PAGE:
I went for a GMP makeover at Brightwell


A group of large pension schemes are launching what they claim to be a free service communicating changes to Guaranteed Minimum Pensions. I went to find how.

There are many exciting things happening in pensions but changes to Guaranteed Minimum Pensions are not among them.

So I trotted down to Brightwell’s offices in America Square yesterday lunchtime to see why people have been confused since 1990 and whether the claims of gmpeasy that they are capable of curing my GMPe queasiness, have any validity.

What did I find? I found the result of a year’s collaboration between BA Pensions, Brightwell (representing the BT Pension Scheme), Coal Pension Trustees, Invensys Pension Scheme, M&S Pension Scheme, Royal Mail Pension Plan, Shell Contributory Pension Fund, and Unilever UK Pension Fund. It has been supported by Quietroom and Shula PR and Policy

This is what we get.

The communication toolkit, which includes a video animation, can be downloaded at www.gmpeasy.co.uk and has been developed to help schemes explain what GMPe means in a clear, simple and engaging way to their members.

The good news

  • lawyers have picked over it – most schemes will want to do the legal due diligence again but it will be less expensive
  • It has been member tested and results suggest members understand what is going on
  • It doesn’t stop ambitious schemes mucking about with it (changing colours, fonts etc)
  • It looks quite good
  • It’s free, you won’t get nicked for copywrite if you cut and paste, download and embed

GMPeasy has allowed me to use their video, so here it is.

I have an action shot of the Brightwell audience watching

The business of working out what part of your state pension you get paid by the state , and what part is paid by your scheme is really tricky and guaranteed minimum pensions and state pension offsets and the like all come into it. Bottom line, nothing as simple in pensions as animations make them out to me. Biscuit packs don’t fly by themselves and we can’t check out without paying ( observations I tried to make yesterday).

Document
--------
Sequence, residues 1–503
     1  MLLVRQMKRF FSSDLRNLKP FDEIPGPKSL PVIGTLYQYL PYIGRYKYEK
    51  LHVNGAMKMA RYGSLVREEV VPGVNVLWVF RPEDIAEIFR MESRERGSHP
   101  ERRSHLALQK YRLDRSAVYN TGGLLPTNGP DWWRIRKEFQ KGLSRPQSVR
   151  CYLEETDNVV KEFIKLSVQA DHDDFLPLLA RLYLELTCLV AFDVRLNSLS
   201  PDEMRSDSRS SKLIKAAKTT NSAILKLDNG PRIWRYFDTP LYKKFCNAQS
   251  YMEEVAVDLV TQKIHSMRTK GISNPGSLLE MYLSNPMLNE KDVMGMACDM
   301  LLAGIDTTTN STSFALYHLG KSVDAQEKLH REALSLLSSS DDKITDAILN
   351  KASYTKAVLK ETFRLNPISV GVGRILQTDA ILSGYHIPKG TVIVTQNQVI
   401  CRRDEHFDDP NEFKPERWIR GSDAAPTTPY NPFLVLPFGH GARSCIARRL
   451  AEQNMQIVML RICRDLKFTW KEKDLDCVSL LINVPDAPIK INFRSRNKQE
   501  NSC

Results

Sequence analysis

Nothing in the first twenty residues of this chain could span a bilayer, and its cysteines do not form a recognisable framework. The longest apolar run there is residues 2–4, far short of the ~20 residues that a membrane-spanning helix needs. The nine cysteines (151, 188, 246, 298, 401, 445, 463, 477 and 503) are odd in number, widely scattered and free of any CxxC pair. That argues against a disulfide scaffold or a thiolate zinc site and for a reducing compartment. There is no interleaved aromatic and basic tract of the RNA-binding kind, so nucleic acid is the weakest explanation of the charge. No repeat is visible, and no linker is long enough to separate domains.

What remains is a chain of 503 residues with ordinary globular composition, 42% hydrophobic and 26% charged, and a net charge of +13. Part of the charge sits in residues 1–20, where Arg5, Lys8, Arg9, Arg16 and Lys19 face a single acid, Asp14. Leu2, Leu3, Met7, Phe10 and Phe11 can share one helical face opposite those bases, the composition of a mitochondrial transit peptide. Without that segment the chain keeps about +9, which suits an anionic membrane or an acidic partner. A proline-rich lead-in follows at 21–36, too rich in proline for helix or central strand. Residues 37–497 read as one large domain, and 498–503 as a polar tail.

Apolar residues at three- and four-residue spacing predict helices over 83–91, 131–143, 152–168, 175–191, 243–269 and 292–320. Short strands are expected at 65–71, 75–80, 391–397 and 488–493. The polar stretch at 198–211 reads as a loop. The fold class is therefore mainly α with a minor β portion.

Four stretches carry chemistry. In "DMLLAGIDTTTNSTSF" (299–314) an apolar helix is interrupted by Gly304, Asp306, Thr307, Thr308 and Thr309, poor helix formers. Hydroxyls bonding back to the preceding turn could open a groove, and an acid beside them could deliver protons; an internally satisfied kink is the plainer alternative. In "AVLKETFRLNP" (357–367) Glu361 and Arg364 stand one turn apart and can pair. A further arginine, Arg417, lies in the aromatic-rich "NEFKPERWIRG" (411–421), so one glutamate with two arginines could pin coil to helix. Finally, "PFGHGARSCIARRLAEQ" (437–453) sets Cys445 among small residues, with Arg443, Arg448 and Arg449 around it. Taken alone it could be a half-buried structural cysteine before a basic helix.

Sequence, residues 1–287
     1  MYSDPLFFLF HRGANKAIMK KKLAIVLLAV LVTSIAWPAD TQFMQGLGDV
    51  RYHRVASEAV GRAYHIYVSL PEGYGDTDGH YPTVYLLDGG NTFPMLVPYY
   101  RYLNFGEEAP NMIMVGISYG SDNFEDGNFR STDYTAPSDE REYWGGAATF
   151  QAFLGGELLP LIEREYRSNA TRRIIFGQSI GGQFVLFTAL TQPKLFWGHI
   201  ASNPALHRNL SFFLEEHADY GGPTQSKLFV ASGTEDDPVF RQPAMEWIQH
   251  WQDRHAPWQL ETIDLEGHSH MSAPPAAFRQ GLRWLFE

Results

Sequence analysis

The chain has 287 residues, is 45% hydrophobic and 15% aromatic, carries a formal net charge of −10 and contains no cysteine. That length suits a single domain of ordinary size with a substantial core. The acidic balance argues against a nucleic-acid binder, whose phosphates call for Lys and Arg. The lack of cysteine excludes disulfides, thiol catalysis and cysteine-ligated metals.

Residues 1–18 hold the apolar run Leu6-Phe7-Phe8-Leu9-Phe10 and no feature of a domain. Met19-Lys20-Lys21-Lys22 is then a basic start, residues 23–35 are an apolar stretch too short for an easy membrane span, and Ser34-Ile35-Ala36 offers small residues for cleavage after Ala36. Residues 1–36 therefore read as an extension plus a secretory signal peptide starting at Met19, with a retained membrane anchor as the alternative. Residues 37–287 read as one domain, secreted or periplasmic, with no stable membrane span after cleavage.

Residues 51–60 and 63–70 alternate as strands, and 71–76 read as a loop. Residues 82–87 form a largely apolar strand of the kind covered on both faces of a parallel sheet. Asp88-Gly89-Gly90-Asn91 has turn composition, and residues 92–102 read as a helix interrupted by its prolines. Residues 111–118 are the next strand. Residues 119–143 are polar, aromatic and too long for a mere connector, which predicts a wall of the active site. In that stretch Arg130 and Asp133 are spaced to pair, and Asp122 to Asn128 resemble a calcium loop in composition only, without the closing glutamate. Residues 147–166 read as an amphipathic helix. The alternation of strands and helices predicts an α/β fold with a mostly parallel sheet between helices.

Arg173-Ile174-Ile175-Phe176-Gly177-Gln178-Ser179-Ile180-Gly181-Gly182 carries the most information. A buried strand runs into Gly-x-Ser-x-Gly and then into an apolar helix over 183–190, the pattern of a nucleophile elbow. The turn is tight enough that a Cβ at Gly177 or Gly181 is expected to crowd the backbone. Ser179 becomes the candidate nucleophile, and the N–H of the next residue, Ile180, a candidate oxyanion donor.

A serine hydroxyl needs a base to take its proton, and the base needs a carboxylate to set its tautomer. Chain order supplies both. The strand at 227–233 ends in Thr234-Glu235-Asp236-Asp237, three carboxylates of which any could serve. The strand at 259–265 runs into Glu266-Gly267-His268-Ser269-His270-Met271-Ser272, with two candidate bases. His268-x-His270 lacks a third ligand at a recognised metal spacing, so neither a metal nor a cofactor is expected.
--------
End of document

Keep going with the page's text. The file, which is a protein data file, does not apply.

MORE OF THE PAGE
My idea communication would read.

Mr Tapper, your pension just got lucky and we’re paying you another fiver a month going forwards and paying you an extra £60 this month for months we’ve missed – cheers – Zurich staff pensions.


But we’ve got to do this “proper” so…

My old employers – First Actuarial – have always been on top of the GMP game. They have produced an excellent primer which I have re-read in advance of the meeting, so I don’t sound a GMP thicko. You can read it here.

My heart rate drops when I read this document, it should be prescribed on the NHS to reduce stress levels.

Pension people divide between those who don’t understand GMP equalisation (99%) and those that do (1%). You can tell the 1% that do – they turn up to conferences on GMP equalisation with smug smiles on their faces.

The rest of us are confused.

Google GMP and you’ll find it stands for “Good Management Practice” or is a brand of alloy wheels. So communicating GMP to a querulous pension public is a task and a half. But it’s clearly a task that occupational schemes (in conjunction with Quietroom) think worth taking on.

First Actuarial numbers suggest that GMP equalisation is likely to make rather a small difference to our pensions and won’t impact much on scheme liabilities

But in pension valuations, every basis point counts and having lived through the Lloyds GMP equalisation case, I am well aware of how much legal time has been devoted to these tiny fractions.

From a member’s point of view, GMP equalisation seems all good news

In equalising GMPs, members with GMPs built up between 17 May 1990 and 5 April 1997 may receive a small top up to their benefits. Those members receiving a pension
may also receive a back payment to compensate for past inequalities. As a result, all schemes with GMPs will see an increase in the value of their scheme liabilities.

But to get to a determination of what that top-up will be, many times the value of the top-up will have been spent in actuarial and administrative time. Believe you me, it would have been better had the GMP never been invented – let alone equalised.

So what’s new?

Yesterday’s event launched a new, free to use, GMPe communications toolkit.

They’ve   shared the content and collateral which has been kept under wraps

So now you see this blog shimmering with GMP animation and me with the smug face worn by the GMP cognoscenti


About henry tapper

Founder of the Pension PlayPen,, partner of Stella, father of Olly . I am the Pension Plowman
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1 Response to I went for a GMP makeover at Brightwell

  1. Bryn Davies says:

    Sorry, but I don’t share your view that it would have been better if the GMP hadn’t been invented. It was a necessary companion to the State Earnings Related Pension Scheme, so that good defined benefit schemes could continue to work alongside SERPS. It all got highly complicated of course, but this was largely something the pensions industry wished upon itself.

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